Although Doug Jones' victory over Roy Moore in Alabama last week was by the smallest of margins (Jones won by just 0.5 percent), we can view this as part of a turning tide for American working women, for women professionals, political leaders, social leaders and the great mass of female American employees who turn the cogs of our economy.
In the ceaseless struggle over what is meant by "similarly situated," an Eleventh Circuit splits over whether the plaintiff - a Black woman detective with a heart condition - presented enough evidence that two white male officers who failed a physical-fitness requirement were treated better. The case also considers, for an ADA claim, whether receiving a Taser shock or pepper spraying in training was an "essential function" of the job.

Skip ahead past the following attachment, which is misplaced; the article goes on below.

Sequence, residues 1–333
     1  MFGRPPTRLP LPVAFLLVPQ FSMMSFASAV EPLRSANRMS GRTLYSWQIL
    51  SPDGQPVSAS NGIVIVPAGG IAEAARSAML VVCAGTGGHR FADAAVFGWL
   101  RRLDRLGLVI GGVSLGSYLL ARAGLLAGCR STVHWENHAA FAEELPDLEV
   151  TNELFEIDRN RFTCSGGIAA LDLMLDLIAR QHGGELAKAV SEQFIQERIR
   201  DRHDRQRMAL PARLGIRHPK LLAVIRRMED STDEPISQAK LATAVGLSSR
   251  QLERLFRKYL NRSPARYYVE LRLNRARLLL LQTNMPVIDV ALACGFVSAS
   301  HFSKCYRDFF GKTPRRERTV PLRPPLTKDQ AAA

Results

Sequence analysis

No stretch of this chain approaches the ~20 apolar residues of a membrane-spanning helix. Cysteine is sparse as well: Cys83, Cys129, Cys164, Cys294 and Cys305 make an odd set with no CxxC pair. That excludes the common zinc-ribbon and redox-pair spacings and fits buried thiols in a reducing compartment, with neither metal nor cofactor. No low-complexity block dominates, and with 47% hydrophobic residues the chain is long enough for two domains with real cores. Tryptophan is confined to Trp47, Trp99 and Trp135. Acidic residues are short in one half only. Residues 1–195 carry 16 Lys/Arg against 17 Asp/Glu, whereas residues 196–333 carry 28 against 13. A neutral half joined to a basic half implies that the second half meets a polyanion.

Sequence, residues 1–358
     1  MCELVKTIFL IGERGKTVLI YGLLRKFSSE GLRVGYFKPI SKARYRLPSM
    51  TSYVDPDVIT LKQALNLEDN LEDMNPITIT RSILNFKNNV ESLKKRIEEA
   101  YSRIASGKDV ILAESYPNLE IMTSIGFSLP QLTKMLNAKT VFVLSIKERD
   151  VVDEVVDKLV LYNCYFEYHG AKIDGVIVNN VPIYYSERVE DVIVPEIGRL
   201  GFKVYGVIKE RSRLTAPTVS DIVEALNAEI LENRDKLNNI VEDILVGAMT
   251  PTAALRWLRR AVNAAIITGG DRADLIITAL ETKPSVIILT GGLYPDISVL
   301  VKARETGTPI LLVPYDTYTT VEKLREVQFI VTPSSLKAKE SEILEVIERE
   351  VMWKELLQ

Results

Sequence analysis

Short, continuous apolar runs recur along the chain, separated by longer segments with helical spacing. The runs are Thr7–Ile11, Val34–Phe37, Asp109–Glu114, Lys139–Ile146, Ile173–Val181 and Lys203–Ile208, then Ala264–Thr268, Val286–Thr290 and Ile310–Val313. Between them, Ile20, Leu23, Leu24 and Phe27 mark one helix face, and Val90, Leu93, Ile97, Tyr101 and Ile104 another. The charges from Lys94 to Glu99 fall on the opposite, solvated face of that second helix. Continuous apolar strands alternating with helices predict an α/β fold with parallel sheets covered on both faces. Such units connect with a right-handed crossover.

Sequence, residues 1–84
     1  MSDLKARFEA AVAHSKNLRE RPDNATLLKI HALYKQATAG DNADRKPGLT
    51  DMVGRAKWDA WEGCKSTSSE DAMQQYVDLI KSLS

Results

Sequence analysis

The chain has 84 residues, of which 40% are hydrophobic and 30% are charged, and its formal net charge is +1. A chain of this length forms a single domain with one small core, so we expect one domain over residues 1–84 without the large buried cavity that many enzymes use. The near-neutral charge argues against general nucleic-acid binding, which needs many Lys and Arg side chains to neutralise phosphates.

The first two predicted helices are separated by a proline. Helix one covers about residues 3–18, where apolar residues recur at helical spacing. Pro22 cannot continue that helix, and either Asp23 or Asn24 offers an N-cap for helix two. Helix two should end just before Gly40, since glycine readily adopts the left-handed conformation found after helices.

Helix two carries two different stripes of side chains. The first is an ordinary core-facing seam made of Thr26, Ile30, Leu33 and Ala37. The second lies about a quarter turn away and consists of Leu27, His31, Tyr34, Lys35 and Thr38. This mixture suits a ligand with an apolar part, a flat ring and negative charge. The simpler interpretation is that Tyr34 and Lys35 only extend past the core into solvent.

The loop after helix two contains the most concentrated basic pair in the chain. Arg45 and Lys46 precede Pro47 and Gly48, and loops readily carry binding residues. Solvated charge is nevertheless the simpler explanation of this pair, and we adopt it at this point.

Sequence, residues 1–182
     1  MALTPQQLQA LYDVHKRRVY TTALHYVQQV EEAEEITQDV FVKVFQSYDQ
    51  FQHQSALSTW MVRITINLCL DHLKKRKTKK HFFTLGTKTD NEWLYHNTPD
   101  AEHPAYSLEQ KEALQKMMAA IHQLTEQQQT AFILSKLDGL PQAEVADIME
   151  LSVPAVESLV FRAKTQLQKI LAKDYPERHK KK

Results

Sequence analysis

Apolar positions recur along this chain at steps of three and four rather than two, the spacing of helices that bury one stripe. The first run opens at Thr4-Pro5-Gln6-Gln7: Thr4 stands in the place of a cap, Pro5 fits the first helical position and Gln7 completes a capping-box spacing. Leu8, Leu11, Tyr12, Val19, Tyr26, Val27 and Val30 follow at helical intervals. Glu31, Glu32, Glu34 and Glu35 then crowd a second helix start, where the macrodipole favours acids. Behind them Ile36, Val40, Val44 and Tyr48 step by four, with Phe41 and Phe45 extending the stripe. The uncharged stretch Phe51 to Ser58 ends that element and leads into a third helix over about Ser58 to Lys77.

In a rare federal court of appeals opinion in this area, the Third Circuit has occasion to decide whether a hospital employee manifested a religious (versus an ethical) objection to getting a flu shot that would be protected by Title VII's religious-accommodation provision, 42 U.S.C. § 2000e(j).